Previously, we’ve talked about creating a backup plan and choosing backup solutions that will protect your vital data. Once those two pieces are in place, the final step is to create a disaster recovery plan -- a document that outlines how to use those backups to get your company up and running again after a major outage.
A disaster recovery plan doesn’t have to be complicated, but it should be clear and understandable to both you and anyone else who may need to use it, even in the event that you are unavailable for some reason.
Building The Disaster Recovery Plan
The first step to building a disaster recovery plan is to gather all of the details that need to go into the plan. Make a list of the services or data that you may need to recover, and then list how each service is backed up. For each of those backups, write out detailed instructions on how to restore data from those backups, and how to get the service up and running again. (A DR plan is a great way to make sure all of your documentation is in order!)
In addition, you’ll want to include an estimate of how long it will take to recover a service to a useable level, plus how long it would take to completely restore the service. For example, in the event of a major storage failure, you may be able to restore recent or working data from a near-line backup in a few hours, but restoring all historical and archival data from tape may take a week or more. These estimates will come in handy to help you explain things to higher-ups in the event of a disaster, and will help you to prioritize your recovery efforts.
Finally, organize the recovery instructions by disaster scenario. For example, you may have a section for major hardware failures, a section for fire, flood, or natural disaster (“loss of facility”), virus outbreak, etc. List each recovery option in order of how optimal it is -- based on the time to recovery, how completely the service restoration is, and how likely it is to be successful, given the scenario. For example, daily offline backups are quick and easy to restore in case of a server failure, but if the building burns down, then you’ll only have offsite backups to work from.
Tests and Drills
A backup is only a backup if it actually can be restored. Be sure to set up reporting and alerting for any automated backups, so you can fix any problems with your backups ASAP. But, even if the backups work fine, be sure to do a test restore from time to time. This can be as simple as restoring a few files here and there and making sure that they work. But the time to find out that your backups are no good is not when you’re staring at your DR plan.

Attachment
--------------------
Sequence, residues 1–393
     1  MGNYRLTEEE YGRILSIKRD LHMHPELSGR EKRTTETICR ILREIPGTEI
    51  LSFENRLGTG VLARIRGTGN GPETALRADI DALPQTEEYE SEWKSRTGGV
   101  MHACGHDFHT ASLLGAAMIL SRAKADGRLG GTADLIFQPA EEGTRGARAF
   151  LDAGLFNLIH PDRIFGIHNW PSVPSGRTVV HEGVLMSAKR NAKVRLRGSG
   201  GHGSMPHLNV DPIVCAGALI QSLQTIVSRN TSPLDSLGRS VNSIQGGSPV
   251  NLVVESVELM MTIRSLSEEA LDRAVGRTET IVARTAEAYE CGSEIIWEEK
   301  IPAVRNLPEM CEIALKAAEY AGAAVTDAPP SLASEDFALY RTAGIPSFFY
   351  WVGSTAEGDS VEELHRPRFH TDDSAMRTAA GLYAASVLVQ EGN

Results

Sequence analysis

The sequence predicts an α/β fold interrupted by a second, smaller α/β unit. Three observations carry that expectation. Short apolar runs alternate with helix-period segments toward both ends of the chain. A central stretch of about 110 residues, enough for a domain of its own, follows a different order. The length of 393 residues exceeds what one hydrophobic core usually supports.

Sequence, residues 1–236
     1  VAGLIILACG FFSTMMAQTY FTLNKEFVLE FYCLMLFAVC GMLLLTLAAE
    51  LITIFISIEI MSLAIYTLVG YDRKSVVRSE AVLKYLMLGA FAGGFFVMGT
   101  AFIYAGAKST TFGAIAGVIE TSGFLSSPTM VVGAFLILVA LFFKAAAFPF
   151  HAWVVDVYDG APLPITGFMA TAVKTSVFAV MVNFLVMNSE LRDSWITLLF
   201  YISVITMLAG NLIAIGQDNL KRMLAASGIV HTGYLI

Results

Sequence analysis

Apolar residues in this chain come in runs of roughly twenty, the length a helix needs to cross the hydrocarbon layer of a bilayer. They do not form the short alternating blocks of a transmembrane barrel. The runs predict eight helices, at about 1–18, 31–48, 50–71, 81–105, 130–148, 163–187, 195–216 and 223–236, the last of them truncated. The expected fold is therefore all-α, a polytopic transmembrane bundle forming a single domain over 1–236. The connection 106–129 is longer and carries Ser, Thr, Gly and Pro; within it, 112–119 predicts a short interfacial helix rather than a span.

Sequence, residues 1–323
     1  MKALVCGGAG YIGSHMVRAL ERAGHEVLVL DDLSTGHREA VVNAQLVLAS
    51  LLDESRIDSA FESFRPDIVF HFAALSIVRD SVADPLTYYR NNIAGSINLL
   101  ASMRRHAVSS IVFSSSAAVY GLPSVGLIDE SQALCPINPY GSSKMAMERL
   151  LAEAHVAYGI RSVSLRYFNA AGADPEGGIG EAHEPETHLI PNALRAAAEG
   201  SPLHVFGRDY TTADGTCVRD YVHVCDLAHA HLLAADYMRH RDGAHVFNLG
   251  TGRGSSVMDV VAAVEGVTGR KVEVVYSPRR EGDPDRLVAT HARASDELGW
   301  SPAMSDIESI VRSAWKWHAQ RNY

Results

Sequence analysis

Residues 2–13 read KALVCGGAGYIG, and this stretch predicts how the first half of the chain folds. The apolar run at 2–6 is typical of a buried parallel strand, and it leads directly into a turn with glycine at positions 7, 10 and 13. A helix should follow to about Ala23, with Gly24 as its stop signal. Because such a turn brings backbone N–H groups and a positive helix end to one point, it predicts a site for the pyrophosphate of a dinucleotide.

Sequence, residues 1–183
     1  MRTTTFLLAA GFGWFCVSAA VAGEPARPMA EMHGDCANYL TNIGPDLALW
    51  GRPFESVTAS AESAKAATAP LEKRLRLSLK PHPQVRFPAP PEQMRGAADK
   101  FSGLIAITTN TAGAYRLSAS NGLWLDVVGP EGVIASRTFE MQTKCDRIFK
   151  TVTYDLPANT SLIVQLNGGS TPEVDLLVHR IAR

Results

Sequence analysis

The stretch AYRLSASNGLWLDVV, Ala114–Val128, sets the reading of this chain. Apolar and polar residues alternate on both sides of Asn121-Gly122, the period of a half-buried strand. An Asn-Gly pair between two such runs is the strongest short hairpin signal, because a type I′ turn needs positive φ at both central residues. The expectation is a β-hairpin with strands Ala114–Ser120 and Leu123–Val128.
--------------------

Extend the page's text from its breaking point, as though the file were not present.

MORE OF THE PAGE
Also, make sure that any key staff are familiar with your DR plan. You can even hold drills from time to time, depending on the likelihood of the scenarios in your plan. What will you do to get your data restored if there’s a flood in your data center? How will you respond if ransomware hits your file server? Knowing the answers to these questions can be the difference between a successful recovery and a real disaster.
Storing The Plan
Once your disaster recovery plan is written up, print out a few copies and put them in a safe place. If the plan includes sensitive info, like passwords or keys to offsite backups, be sure to store it in a secure location, like in a safe in an executive’s office. But, make sure that the plan is accessible to you and your staff in the event of any disaster, even if you don’t have physical access to your office. It’s a good idea to keep a list of the copies of the plan that are out there, so that if changes or updates are made later, you can make sure that all of the copies get replaced.
Having a written disaster recovery plan can make sure that, if you do need to use your backups, you can get your data restored and your company up and running again as quickly as possible.
E-N Computers can help you to develop a backup solution and disaster recovery plan that is right for your business. Contact us today to find out how we can give you the protection you need from today’s technical threats.